Gold’s value is its difference

December 23, 2010 - John Osbon (1 mins to read)

There seem to be as many opinions today on the current price of gold as there are letters in the alphabet. Let’s look at the cold hard ABCs of gold for some clues on investment strategy.

Here are the facts, courtesy of Jason Ruspini of Conquest Capital Group:

  • There are 160,000 mined metric tons of gold in the world today
  • Current production is 2500 tons annually, about equal to annual industrial demand

At a recent spot price of $1387 per ounce, those 5.2 billion ounces of gold are worth more than $7 trillion dollars. For perspective, the entire market cap of US stocks is about $14 trillion, as measured by the Wilshire 5000 Total Market Index. (11-30-2010)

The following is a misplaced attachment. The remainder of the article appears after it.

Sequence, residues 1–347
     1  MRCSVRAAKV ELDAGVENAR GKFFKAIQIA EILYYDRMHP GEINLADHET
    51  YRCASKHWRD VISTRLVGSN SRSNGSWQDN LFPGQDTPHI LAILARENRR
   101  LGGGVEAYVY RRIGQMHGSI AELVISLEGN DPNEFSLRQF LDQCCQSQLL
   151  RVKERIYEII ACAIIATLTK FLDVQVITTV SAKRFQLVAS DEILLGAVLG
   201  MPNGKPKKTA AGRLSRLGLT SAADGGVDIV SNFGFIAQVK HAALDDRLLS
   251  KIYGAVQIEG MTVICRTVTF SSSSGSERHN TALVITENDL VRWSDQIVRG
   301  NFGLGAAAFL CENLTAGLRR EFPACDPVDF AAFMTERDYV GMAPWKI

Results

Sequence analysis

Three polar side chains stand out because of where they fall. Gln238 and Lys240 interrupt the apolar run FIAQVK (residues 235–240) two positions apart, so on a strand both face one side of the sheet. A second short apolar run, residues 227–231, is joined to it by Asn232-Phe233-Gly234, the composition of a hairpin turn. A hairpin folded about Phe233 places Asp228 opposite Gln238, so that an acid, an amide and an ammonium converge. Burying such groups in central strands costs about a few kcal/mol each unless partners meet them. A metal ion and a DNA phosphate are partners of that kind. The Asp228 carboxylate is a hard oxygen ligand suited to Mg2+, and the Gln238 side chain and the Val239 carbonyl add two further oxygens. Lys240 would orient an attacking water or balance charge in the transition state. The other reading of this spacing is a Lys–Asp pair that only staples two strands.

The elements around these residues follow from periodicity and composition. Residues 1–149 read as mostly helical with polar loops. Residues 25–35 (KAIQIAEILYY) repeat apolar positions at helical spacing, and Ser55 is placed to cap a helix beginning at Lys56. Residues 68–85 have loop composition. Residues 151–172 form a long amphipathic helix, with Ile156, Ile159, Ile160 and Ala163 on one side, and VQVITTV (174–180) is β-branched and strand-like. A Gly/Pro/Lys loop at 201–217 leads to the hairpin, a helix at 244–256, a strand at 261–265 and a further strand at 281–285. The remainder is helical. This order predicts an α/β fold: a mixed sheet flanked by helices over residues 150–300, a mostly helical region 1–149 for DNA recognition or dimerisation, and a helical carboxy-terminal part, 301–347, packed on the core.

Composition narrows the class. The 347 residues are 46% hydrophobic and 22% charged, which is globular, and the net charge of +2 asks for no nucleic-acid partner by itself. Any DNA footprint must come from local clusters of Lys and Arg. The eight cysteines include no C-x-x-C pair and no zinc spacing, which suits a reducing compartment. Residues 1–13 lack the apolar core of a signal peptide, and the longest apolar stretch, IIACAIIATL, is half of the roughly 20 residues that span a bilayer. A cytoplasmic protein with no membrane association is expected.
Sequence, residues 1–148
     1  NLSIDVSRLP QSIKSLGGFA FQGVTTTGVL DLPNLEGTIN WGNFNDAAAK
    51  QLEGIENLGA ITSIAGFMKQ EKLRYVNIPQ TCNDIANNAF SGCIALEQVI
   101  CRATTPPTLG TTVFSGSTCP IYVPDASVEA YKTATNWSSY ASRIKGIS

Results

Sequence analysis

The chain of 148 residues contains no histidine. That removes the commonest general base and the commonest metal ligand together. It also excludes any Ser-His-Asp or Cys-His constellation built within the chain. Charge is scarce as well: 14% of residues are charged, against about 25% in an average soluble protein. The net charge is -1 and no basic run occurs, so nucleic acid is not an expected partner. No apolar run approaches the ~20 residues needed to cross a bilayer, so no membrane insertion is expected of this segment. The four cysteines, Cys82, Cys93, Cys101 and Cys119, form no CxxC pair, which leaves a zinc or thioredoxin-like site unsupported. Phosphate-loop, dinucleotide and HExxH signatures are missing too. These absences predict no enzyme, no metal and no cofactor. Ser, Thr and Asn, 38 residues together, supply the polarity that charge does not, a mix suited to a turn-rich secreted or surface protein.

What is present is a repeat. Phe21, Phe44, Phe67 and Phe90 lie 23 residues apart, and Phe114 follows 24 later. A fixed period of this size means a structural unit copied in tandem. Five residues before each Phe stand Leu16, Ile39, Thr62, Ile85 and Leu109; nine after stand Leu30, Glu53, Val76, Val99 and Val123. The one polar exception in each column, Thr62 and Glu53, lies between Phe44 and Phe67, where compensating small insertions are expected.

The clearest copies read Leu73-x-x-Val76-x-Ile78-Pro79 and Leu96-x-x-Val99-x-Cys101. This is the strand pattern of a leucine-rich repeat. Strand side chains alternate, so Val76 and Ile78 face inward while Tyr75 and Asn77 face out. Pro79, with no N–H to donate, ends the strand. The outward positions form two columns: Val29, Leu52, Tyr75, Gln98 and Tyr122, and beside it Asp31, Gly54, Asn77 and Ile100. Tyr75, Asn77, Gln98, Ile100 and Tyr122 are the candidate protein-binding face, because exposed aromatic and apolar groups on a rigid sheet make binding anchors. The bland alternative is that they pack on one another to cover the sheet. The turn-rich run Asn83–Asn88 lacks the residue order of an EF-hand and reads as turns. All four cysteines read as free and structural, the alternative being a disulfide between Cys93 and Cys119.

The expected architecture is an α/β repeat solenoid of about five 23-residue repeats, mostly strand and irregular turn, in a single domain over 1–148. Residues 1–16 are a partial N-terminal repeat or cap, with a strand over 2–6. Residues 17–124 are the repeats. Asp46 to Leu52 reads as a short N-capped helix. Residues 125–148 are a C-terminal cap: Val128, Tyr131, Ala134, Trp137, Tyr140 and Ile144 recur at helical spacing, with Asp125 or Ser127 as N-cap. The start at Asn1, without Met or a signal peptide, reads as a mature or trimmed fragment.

Some analysts use these numbers as a basis for predicting a rise or fall in gold prices. I see gold’s value driven by completely different factors.

The gold market is not a ‘fundamental’ market, in other words, a market where value can be calculated and compared to some intrinsic worth like expected dividends, earnings, or growth. Gold’s price is determined by simple supply and demand, meaning the price is determined solely by what the latest buyer and seller agree to. This distinction is crucial for individual investors, since most investors have fundamental portfolios of stocks and bonds. Any attempt to apply fundamentals to gold is a fool’s errand in my view, and misses the value of gold as a diversifier in a fundamental portfolio of stocks and bonds.

Precisely because gold does not operate in a fundamental market is the reason you may want to own some in your portfolio. How much gold you might own is the subject for another article, but the amount can be reasonably calculated, and is unique to each individual, in my view.



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